Farrah Fawcett joins the (Lee) Majors
Even before American men had begun nudging and winking to her name—those wispy, alliterative words so perfect for her—Farrah Fawcett changed it, adding a macho Majors to show she was attached. And not just to any man, but to the bionic one. On July 28, 1973, the budding ’70s sex princess married TV hunk Lee Majors in an L.A. ceremony.
In truth, the young model and bit-part actress hadn’t been in circulation for years, having dated Majors since she arrived in Hollywood from Texas at the age of 21. Majors, 28, a costar of the Western The Big Valley, helped her get small parts in films and a recurring role in 1975 on TV’s Harry O.
The marriage seemed regressive by ’70s standards. Majors had a stipulation put in Fawcett’s contracts that she be home in time to make dinner. And Fawcett, who rejected feminism, welcomed his Svengali-like input. “I benefit from all he knows,” she said. “He’s a Taurus and I’m an Aquarius.”
Six months after their wedding, Majors’ TV-movie franchise The Six Million Dollar Man became a series, helping to spark the decade’s TV-superhero craze; in 1976, Charlie’s Angels premiered to top ratings, largely thanks to Fawcett-Majors. She was the final Angel cast (after Kate Jackson, the series’ ostensible star, and Jaclyn Smith). But after her eye-catching swimsuit poster, the biggest-selling of the decade, Farrah-mania was everywhere: T-shirts, books, and dolls to match those of Majors’ Col. Steve Austin. Their mutual devotion made them media darlings, and though she left Angels in 1977 for a flop film career (Somebody Killed Her Husband, Saturn 3), the Farrah phenom continued, helped by a fixation on her love life, including a relationship with actor Ryan O’Neal that began in 1979 and continued in a tempestuous fashion until 1997. Majors, meanwhile, pulled the plug on his show in 1978 to see if he was worth $6 million at the cinema (The Norseman proved he wasn’t). Amid career stress, the couple, childless, split in 1979.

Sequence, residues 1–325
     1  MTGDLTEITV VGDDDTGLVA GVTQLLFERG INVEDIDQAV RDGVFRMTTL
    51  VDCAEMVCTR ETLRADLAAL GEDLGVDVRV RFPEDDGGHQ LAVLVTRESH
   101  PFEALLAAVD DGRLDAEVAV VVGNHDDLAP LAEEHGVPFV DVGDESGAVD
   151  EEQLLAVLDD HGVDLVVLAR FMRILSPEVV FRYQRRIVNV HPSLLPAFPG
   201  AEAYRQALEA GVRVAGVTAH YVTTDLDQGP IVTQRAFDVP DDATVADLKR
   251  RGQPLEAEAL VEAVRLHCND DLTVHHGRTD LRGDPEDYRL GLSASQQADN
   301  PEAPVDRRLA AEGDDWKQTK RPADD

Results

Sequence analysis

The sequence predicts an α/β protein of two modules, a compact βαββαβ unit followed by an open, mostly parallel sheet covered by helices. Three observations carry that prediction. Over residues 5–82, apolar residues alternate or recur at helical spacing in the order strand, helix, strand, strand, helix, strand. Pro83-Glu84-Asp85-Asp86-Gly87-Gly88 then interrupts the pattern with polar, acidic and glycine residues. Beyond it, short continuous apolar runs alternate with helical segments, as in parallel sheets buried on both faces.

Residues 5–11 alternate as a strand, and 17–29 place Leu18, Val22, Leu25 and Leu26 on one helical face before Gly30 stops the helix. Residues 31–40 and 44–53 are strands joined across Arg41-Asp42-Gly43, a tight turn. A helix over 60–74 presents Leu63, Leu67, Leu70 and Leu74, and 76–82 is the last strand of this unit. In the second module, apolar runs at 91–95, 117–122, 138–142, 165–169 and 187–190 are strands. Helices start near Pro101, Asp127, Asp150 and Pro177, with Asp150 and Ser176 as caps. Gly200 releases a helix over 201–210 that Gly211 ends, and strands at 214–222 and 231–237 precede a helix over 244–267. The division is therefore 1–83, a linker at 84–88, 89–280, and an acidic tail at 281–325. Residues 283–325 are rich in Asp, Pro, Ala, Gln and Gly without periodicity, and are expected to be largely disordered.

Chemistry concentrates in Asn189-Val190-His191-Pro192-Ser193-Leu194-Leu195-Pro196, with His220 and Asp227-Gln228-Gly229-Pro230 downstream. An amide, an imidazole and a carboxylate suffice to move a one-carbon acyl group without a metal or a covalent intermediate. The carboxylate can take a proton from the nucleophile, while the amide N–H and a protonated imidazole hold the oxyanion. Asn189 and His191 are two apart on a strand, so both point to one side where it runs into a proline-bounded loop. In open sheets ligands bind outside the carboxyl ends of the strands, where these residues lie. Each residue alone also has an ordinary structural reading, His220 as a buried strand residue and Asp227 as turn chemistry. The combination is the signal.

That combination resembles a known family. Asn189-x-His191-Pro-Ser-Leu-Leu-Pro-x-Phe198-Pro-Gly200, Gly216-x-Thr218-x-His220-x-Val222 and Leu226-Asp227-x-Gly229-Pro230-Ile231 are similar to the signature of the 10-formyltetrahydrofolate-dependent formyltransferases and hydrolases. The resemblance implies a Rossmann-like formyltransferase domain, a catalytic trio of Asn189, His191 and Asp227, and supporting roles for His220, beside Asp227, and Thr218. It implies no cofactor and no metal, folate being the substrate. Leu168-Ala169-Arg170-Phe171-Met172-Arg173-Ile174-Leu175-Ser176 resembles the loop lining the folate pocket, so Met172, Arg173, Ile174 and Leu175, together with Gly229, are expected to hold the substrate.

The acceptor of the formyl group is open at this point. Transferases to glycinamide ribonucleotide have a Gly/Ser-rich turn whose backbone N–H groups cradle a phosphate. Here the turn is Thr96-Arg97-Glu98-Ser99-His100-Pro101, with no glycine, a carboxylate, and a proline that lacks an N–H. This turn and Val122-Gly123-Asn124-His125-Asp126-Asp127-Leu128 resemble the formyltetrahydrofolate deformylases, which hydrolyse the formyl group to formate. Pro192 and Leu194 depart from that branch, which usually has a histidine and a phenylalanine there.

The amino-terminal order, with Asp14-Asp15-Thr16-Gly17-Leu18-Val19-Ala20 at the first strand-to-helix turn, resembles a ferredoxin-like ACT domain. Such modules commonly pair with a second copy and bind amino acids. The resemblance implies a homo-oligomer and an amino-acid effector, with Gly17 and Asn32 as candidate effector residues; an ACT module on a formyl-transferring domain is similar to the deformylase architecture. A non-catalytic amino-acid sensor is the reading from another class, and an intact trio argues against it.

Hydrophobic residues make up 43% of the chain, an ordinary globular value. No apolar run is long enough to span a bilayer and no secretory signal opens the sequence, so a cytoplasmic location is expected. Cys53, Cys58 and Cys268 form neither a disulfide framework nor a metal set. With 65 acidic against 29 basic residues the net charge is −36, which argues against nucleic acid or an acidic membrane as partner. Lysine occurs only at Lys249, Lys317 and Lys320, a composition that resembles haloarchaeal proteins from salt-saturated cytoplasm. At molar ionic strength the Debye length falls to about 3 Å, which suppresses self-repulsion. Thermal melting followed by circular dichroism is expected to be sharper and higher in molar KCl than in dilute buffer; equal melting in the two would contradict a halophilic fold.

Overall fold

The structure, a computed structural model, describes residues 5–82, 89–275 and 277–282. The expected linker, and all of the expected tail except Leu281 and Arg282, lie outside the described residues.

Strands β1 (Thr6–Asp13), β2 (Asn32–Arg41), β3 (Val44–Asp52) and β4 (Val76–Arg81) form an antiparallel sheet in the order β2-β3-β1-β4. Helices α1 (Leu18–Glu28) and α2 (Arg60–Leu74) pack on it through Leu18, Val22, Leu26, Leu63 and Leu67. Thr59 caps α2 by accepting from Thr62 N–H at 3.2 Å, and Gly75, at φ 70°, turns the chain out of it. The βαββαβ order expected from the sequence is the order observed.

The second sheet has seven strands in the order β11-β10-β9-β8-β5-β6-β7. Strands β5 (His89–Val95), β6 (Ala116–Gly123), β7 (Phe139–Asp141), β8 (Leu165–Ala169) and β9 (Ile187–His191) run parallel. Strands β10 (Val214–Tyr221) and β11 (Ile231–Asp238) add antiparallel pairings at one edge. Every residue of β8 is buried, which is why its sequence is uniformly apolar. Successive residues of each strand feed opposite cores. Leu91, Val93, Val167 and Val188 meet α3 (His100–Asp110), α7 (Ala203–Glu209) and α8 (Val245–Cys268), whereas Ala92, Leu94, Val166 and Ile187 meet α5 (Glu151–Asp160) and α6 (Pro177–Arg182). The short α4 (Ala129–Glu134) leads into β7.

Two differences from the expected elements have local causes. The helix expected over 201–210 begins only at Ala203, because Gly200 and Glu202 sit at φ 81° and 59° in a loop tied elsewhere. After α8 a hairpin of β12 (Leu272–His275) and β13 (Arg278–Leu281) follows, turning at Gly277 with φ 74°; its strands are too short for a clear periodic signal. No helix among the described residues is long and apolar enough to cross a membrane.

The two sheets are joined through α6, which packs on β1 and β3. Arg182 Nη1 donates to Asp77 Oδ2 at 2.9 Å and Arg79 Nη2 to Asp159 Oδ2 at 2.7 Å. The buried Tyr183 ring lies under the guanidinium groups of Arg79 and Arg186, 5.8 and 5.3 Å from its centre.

Though Majors had another TV hit with his ’80s series The Fall Guy, he has spent the last few years in Florida, raising his daughter, Nikki (by third ex-wife, Karen Velez, a model). Fawcett has found acting offers sparse, and last year hit a nadir when—promoting a Playboy pictorial and pay-per-view special in which she used her body as a paintbrush—she appeared disoriented on David Letterman’s Late Show. It seems that for the superhero couple of the ’70s, their powers worked best when they combined forces.